Adapted from a Just One Cookbook recipe
My original idea for this Sunday was to make a teriyaki beef stew, but Miriam said, “Too sweet.” I suggested chicken skewers and she agreed to that, as long as the meal was vegetable forward and low sugar. Japanese dishes seem to have a lot of added sugar, but I could work with that.
Properly, the chicken in yakitori is unseasoned and cooked over Japanese binchōtan charcoal. Salt (shio) or tare sauce—a mixture of soy sauce, saki, mirin, and sugar—is sprinkled or brushed on as the meat grills. Living in San Jose, I have given up on using a charcoal grill—too many “Spare the Air” days. While the chicken for yakitori is usually not marinated, I could not help myself.
There is a wide variety of yakitori , but for Sunday’s meal I chose chicken and green onion (negina yakitori). You may add things to the basic tare sauce to give it your own spin. To please Miriam, I was taking out the extra sugar and replacing it with the ginger flavored pickling liquid from a jar of gari—young ginger pickled in sugar and vinegar. My tare sauce would still have some sweetness from the sugar in the mirin and gari liquid, but it would still be far less sugar than some recipes called for.
I planned to use only the white parts of the green onion for the yakitori. I was left with a large pile of green onion tops and I had to think of a way to use them up. I got a bit carried away with Miriam’s request for making the meal vegetable forward and I made six other dishes: shiitaki mushroom skewers, salt pickled cabbage, hijiki and carrot salad, mizuna salad, miso soup, and a baked rice dish.
Karl’s Negima Yakitori (Chicken Thigh and Green Onion Skewers)
2½ lb. chicken thighs
⅓ light soy sauce
1 Tbs. gari liquid
1 tsp. cornstarch mixed with 1 Tbs. water
6-8 green onions, white parts only
1. Cut the chicken thighs into one inch pieces.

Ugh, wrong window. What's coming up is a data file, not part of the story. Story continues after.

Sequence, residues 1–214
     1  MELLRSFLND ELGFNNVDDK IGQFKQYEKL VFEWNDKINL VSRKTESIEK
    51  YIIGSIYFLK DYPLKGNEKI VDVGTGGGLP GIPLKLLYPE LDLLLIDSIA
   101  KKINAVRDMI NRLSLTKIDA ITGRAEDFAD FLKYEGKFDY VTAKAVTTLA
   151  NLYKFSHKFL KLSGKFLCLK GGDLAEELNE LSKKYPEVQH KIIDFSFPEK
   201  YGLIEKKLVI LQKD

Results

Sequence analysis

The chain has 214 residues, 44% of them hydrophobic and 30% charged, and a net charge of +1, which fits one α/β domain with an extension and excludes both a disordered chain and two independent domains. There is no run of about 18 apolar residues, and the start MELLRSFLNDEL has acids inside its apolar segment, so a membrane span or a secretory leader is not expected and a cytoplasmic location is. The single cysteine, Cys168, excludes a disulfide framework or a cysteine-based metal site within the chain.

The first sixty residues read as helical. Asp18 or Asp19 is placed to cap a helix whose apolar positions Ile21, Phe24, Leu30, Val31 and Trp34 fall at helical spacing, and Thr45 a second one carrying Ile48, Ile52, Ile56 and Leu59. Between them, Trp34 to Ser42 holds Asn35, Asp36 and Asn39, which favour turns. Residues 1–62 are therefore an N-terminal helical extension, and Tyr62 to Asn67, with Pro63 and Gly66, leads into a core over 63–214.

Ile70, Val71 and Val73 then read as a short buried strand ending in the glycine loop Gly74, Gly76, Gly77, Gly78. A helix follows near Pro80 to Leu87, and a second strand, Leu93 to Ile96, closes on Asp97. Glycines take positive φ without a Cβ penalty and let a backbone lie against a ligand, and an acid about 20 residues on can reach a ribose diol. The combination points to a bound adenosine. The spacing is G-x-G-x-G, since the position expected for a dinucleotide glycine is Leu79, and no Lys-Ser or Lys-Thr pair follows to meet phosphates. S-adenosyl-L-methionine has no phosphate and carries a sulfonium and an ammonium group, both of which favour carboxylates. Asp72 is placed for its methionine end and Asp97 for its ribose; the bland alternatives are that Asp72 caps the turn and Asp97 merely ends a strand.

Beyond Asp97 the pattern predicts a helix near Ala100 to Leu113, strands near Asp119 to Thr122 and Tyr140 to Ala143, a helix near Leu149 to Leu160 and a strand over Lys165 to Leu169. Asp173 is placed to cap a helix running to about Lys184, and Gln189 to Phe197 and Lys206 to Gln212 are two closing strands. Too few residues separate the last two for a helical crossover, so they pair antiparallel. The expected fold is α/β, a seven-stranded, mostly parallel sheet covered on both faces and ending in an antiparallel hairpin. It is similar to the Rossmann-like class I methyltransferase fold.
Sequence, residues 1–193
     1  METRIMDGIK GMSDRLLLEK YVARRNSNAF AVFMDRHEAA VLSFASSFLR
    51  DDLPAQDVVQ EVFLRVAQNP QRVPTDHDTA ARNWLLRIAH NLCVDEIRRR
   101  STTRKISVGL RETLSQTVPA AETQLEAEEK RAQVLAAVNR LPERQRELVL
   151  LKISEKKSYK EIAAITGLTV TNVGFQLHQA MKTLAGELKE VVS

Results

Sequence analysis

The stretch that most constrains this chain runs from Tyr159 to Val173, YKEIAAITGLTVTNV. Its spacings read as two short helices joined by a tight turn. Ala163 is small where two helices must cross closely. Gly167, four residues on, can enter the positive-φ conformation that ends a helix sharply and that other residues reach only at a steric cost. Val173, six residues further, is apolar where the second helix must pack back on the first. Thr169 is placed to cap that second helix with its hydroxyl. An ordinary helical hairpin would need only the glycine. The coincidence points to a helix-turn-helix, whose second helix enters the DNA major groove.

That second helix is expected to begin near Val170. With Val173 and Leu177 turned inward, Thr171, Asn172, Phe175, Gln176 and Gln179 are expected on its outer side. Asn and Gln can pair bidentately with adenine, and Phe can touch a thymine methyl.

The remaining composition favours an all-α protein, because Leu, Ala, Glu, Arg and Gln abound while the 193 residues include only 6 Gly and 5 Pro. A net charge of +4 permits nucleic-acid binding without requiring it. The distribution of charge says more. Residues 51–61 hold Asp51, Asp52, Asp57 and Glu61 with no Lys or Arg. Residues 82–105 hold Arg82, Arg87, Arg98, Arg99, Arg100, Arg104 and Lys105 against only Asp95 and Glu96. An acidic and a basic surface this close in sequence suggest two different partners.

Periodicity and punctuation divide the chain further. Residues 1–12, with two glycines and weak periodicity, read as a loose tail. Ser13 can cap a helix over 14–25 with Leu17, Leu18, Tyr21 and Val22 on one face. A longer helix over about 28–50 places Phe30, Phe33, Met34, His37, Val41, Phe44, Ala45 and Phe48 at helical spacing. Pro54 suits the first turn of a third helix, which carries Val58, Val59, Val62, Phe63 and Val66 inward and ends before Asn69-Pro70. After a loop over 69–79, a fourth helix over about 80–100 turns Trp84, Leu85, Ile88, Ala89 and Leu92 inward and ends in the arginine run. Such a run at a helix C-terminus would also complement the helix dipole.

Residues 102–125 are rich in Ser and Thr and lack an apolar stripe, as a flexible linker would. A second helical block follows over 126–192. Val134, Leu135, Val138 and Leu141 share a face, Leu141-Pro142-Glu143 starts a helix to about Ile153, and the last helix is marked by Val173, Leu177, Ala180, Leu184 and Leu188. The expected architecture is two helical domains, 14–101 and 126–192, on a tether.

Tip: Remove any lumps of fat and gristle.
Note: This was a lot of chicken for five people, but I really wanted some leftovers for my lunch the next day. I had enough chicken for eleven skewers, each with five pieces of chicken (55) and four pieces of onion (20). After dinner we had two sticks left for Jan and myself.
2. Mix the tare sauce and pour it in a gallon zip lock bag.
3. Add the chicken, press the air out of the bag and seal it.
4. Marinate the chicken for several hours.
Note: I marinated the chicken overnight.
5. Remove the chicken from the bag and pat the pieces dry with paper towels.
Tip: After you skewer the meat and onions, let the skewers air dry for at least one-half hour. The meat will grill more evenly, if the exposed surfaces are dry and the chicken is at room temperature.
Note: Some cook’s would simply discard the marinade and make a second batch of the tare sauce to use on the grill. I am frugal, I heat the marinade in a small pan which causes the lipoproteins—the loose proteins released by the raw chicken into the marinade—to clot into what is usually referred to as “scum.” While this “scum” is edible, it would make your tare sauce cloudy and gritty. Straining the sauce through cheese cloth removes the scum.
6. Put your tare sauce in a small pan and thicken it with the cornstarch mixture over low heat.
Tip: Reserve the sauce for later with a basting brush
7. Cut the white parts of the green onion into 1-1½ inch pieces.
Note: When I was at the market, I chose a package of green onions that had thick, long white parts. Each onion produced 3-4 good pieces of onion for my skewers.
8. Soak your bamboo skewers for 30 minutes.
9. Alternately skewer the chicken and onions on the bamboo sticks.
Tip: Start with a piece of chicken—I folded over each piece, so that it formed a hump on one side for the visual appeal. Then slide on a pieces of onion. Continue until you have five pieces of chicken and four pieces of onion on each skewer. You should end up with a piece of chicken at each end of the stick.
10. Set your grill to high heat.
Note: If you are using charcoal, lay out a bed of coals large enough so that all of your meat is directly over the heat.
11. Grill the chicken directly over the heat and sear the meat on each side until it is starting to pick up some color, 4-5 minutes per side.
12. When you feel the chicken is seared to your liking, start basting the skewers with the tare sauce.
13. Continue turning and basting until the meat is cooked through.
Note: Unlike chicken breast meat—which goes dry and grainy when overcooked—thighs are far more forgiving.
14. Transfer the skewers to a serving platter and tent with foil to retain the heat.
15. Serve warm.
Tip: But they are still good cold.